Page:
This does not excuse the ALP from all responsibility. At some point, it must have been possible to create a bipartisan policy that would've avoided the problems we are currently trying to circumvent, and which we will have to wait until 2021 to know if they've been resolved or made worse.

      There is a quite reasonable history on-line for the period 1980-1997.

      From personal communications with ex-Telstra Engineers, I've been told that Telstra, circa 1988 and it's first long-distance Optical Fibre (MEL-CBR-SYD), had setup then disbanded a planning unit for the rollout of a Fibre Customer Access Network. The Telstra management as early as 1990 understood that Optical Fibre would be needed in the subscriber loop, but had actively walked away from it.

      [I haven't researched this further: there may be some hard evidence of this on the public record.]

      Elsewise, I've talked to many current and former Telstra technicians and 'linesmen' and they have one consistent message: the State of the C.A.N. is worse than it appears "on paper". Since the massive downsizing post merger with OTC, management focus has moved to "profits" - and maintenance to the existing quality standards was deemed "uneconomic" (a guess, no refs), so rules were relaxed and minimising costs prioritised over maintaining the integrity and viability of the network.

      We got to the point of needing to do a Big Bang replacement of the Customer Access Network, with Government funding, one short-sighted Partisan Political step at a time. Nobody wanted what happened, but they let it happen anyway.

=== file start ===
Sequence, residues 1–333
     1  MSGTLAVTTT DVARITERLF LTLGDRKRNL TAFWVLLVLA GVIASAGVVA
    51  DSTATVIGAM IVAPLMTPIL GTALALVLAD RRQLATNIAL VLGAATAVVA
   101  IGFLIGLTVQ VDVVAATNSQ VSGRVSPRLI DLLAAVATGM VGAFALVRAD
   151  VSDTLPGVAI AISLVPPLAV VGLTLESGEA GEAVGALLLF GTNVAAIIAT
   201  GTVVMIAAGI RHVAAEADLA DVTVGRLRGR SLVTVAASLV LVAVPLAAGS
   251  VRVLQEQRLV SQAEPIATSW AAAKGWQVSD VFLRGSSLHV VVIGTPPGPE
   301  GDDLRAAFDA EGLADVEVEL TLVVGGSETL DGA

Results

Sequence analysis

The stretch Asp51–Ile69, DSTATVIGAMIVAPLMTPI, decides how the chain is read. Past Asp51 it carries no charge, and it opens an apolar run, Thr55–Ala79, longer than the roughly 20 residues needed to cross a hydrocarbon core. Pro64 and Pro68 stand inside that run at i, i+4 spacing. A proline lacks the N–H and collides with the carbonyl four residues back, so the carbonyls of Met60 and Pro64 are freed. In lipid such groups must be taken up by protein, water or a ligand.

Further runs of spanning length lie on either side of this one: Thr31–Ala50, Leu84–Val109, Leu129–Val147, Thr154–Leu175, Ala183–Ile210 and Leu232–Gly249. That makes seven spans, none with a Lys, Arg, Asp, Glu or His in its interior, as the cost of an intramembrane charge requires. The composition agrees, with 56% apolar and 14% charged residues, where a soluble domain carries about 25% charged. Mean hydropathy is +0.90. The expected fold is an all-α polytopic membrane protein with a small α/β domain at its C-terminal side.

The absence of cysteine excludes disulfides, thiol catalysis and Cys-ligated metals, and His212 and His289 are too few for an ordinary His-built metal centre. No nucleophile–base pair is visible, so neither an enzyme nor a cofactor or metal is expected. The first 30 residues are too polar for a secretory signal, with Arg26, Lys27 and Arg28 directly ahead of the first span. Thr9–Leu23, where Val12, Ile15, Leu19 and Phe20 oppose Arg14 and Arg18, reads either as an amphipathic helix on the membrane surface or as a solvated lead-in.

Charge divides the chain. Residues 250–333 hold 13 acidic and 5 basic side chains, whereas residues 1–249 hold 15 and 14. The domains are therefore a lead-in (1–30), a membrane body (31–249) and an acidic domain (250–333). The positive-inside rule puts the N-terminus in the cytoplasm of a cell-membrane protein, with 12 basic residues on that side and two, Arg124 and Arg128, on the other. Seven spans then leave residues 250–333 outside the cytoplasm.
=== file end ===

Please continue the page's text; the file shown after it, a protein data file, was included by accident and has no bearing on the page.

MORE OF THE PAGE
NBN: The Politics of Broadband

      The 2013 election, be it early (before 30-June), or in August/November, is going to be the third election  on the trot where Broadband will be a major issue.

      Peter Reith, in his Report to the Liberals on the 2010 Federal election, says
       Labor’s only real policy advantage was on the NBN.
      Will the Coalition go to the 2013 election with a single new Broadband policy, or like 2010, just tweak the last one insignificantly: 2010 Libs Policy?

      Computerworld, for the 2010 election, provided a very good comparison of the three major Party policies. The areas covered were:
      • Fast broadband infrastructure
      • Internet filtering
      • Telecommunications reform
      • Distribution of IT responsibilities
      • E-health
      • Government 2.0
      • ICT innovation and industry advocacy
      • Computers in schools
      Far too often in that piece, the Coalition had no Policy position.

      These were the 2010 Coalition Policy points:
      1. Establish a National Broadband Commission
      2. Prepare a National Broadband Database
      3. Establish a Fixed Broadband Optimisation Programme
      4. Commit up to $2 billion of Funding for New Fixed Wireless Broadband Networks
      5. Fund new satellite services for the remaining three percent of the population not covered by other technology
      6. Break the backhaul bottleneck by establishing a new national fibre optic network to deliver competitive ‘backhaul’
      7. Implement Pricing and other regulation to support competition and Broadband
      8. Provide a way forward to a higher bandwidth, more fibre-intensive Australia
      9. Conduct a major review of the Universal Service Obligation
      10. Review greenfields estates
      11. Support consumers
      12. Maintain Do Not Call Register but oppose extending it to business phone numbers
      13. Target mobile phone coverage blackspots
      The ABC summarised the Policy was for $6.3B spending:
      • 97% of homes would have access to networks (Fixed Wireless being the fallback) which would deliver broadband at speeds of between 12 Mega bits per second (Mbps) and 100Mbps by 2016 through a combination of technologies.
        • 3% remaining homes covered by Satellite.
      • $6.3b of investment to get a private sector network up and running speeds of between 12Mbps and 100Mbps
      • another $2.75b to extend the fibre-optic network
      • $750m to improve DSL services
      • $2b for improved rural regional and metropolitan wireless networks
      Starting from this position, how will Mr Turnbull achieve his Policy tag-line: "Better Broadband: Cheaper, Sooner, More Affordably"?